Raymond Felton wetting himself over the prospects of facing a depleted Heat team because “point guard is their weakest position” would be infuriating if it weren’t so priceless. The subsequent start was totally predictable: Brick, turnover, foul, turnover, brick, foul, nap time. He would come back to hit a terrible off-balance fading jumper (with the clock winding down, granted), but for the most part remained invisible for much of the first half. Ray picked up big time in the second half, hitting a number of tough late shot-clock jumpers, swinging the ball effectively, and doing a much better job bodying up the admittedly hapless Norris Cole. His bulletin board material has since been replaced by the “Free ‘Strip’ Steak” coupon J.R. Smith dropped on his way out of the Knick locker room.
|Pablo Prigioni, PG 13 MIN | 1-1 FG | 0-0 FT | 1 REB | 1 AST | 1 STL | 0 BLK | 1 TO | 3 PTS | -4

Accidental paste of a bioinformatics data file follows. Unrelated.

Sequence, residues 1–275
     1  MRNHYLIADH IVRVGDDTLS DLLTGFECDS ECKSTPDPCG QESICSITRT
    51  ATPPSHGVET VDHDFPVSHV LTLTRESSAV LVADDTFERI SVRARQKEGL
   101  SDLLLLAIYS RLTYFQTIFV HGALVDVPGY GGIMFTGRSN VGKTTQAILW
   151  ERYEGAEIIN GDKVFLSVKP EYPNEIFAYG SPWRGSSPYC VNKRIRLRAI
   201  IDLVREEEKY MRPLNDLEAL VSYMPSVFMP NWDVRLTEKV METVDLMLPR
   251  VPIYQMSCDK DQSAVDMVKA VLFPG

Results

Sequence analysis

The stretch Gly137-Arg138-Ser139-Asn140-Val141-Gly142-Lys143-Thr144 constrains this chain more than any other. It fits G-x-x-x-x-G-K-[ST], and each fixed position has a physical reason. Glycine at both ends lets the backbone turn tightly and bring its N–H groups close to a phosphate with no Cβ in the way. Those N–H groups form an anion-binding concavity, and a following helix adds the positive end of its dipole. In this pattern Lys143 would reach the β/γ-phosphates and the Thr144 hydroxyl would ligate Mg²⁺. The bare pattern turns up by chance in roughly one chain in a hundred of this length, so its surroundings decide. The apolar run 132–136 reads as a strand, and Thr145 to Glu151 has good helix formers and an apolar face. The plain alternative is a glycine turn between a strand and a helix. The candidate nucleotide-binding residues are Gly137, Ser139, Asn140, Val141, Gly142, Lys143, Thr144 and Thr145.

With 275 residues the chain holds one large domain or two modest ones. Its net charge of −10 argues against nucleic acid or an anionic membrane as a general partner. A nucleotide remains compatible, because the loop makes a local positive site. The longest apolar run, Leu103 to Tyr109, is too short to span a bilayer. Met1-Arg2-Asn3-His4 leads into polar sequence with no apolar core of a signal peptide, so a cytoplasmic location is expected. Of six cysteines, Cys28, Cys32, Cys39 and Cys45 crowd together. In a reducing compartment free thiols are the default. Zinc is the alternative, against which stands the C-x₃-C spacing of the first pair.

Woodson’s past reluctance to wheel Prigs out for heavy minutes against the Flying Death Machine couldn’t help but subside in the wake of Pablo’s recent stellar play. To mixed results, however. Save for a nice late second quarter steal-to-transition-three, ‘twas a mostly muted affair from our more angular point. When Norris Cole is giving you fits, it’s probably time to take it easy – throw on some Steely Dan and hammer a Cuban or two.
|Kenyon Martin, PF 24 MIN | 4-7 FG | 1-2 FT | 6 REB | 0 AST | 1 STL | 0 BLK | 1 TO | 9 PTS | -1
His abdomen didn’t unravel like a yarn spool on the first flush, so we’ll assume K-Mart’s good to go for the home stretch. As with Chandler, the Heat did an excellent job of neutralizing Kenyon’s interior presence – at least in the first half. Tonight’s performance was notable for a good mix of clumsy touches, a couple timely buckets, and a slew of flying anvil fouls that helped turn would-be flushes into regular splits at the stripe. He also dunked on Chris Andersen’s head, which is a win for humans.
|Chris Copeland, SF 8 MIN | 1-2 FG | 1-1 FT | 1 REB | 0 AST | 0 STL | 0 BLK | 1 TO | 3 PTS | -3